Wednesday, February 17, 2010

Ash Wednesday

"Dust you were born, and to dust you will return."

Before I made my First Communion, I knew little about Ash Wednesday except for when my older brother explained that when I died I was going to be a speck of dust.
"Like that," he said pointing into the sunlight by the window.
I never paid much thought to what he said since I had yet to learn that a person's soul lives on when they pass away. In my vocabulary, dust was something to do with Tinkerbell and fairies.
Ash Wednesday (which falls between Feb. 4 and March 10) takes place 40 days before Easter (excluding Sundays) and marks the beginning of Lent. Roman Catholics between the ages of 14 and 59 are supposed to refrain from eating meat on Ash Wednesday and Fridays until Easter. In addition, on Ash Wednesday and Good Friday people ages 18 to 59 should fast by eating just one meal. (The left over pot roast from last night must wait until tomorrow!)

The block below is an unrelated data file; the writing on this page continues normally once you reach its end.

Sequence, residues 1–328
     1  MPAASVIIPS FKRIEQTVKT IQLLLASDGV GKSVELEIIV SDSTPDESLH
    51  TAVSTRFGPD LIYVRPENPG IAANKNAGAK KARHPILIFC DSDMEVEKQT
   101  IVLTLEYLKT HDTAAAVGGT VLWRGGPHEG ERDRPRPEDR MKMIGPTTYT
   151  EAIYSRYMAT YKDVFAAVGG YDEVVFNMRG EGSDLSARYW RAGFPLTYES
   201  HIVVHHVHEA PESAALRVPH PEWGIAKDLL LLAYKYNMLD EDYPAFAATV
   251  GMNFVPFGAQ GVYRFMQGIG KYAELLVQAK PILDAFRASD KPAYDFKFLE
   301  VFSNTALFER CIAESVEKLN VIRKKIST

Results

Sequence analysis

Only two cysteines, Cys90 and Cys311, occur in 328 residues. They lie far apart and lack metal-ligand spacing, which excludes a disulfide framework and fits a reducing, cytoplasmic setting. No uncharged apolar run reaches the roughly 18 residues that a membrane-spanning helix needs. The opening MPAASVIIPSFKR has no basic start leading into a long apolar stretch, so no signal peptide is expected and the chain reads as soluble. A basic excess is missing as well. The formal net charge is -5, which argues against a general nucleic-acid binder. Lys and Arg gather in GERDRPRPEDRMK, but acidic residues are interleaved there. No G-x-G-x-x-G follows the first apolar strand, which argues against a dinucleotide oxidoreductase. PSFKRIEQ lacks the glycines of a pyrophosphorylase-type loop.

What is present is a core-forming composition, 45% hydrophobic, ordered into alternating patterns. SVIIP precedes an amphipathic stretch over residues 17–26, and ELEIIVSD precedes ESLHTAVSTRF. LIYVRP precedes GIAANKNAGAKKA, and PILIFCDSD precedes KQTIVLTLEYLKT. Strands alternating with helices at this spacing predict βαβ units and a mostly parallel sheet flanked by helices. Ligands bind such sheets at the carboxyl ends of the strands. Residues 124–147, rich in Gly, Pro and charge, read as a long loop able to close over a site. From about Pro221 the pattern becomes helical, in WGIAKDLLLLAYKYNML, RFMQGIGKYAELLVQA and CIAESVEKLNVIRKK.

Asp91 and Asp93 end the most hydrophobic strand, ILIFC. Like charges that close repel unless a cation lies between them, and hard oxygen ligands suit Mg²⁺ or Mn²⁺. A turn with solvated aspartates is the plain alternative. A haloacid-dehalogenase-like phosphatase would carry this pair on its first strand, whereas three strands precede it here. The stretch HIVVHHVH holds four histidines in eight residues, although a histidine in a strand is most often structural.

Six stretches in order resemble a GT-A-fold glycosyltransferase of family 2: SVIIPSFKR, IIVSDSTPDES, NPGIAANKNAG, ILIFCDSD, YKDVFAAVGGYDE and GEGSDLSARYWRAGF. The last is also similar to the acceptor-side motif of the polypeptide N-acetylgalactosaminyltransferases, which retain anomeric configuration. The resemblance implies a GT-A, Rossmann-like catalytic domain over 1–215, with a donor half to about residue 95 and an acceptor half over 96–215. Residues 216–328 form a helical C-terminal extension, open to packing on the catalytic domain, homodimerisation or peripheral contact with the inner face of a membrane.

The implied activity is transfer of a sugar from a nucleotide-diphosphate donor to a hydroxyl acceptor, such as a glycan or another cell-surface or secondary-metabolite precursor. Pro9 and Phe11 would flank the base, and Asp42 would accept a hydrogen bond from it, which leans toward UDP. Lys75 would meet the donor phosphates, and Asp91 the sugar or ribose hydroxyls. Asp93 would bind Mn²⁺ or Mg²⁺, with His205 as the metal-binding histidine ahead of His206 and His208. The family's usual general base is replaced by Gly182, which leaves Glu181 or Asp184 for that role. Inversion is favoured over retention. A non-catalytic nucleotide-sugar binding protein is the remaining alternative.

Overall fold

Being raised a Catholic was a pleasure for me because of my love of the saints, the way we celebrated Easter and Christmas, and the smell of incense at special Masses. However, with it came a kind of fear. Like going to confession. As an 8-year-old, I learned that when I went into the confessional I would say, "Bless me Father for I have sinned. It has been (amount of time) since my last confession. These are my sins." Then the priest would tell me what prayers to say. I had to say them correctly or it wouldn't count and then I couldn't receive Communion.
I trembled in fear. What if I heard the priest wrong? What if I didn't remember when my last confession was?
Father Lyons spoke fast and mumbled. So every Saturday afternoon I hoped that Father Tetreault would be on the other side of the screen.
Still, as much as my experiences with church were sometimes scary there were just as many wonderful memories. Such as when the priests explained to us about the ashes used on Ash Wednesday
They are made from the previous year's Palm Crosses from Palm Sunday. They are burned and often mixed with sacred oils. And, although I haven't been to Mass in a very long time, every year, my dad still sets aside Palms for me which I tie into a Cross and keep in my bedroom.

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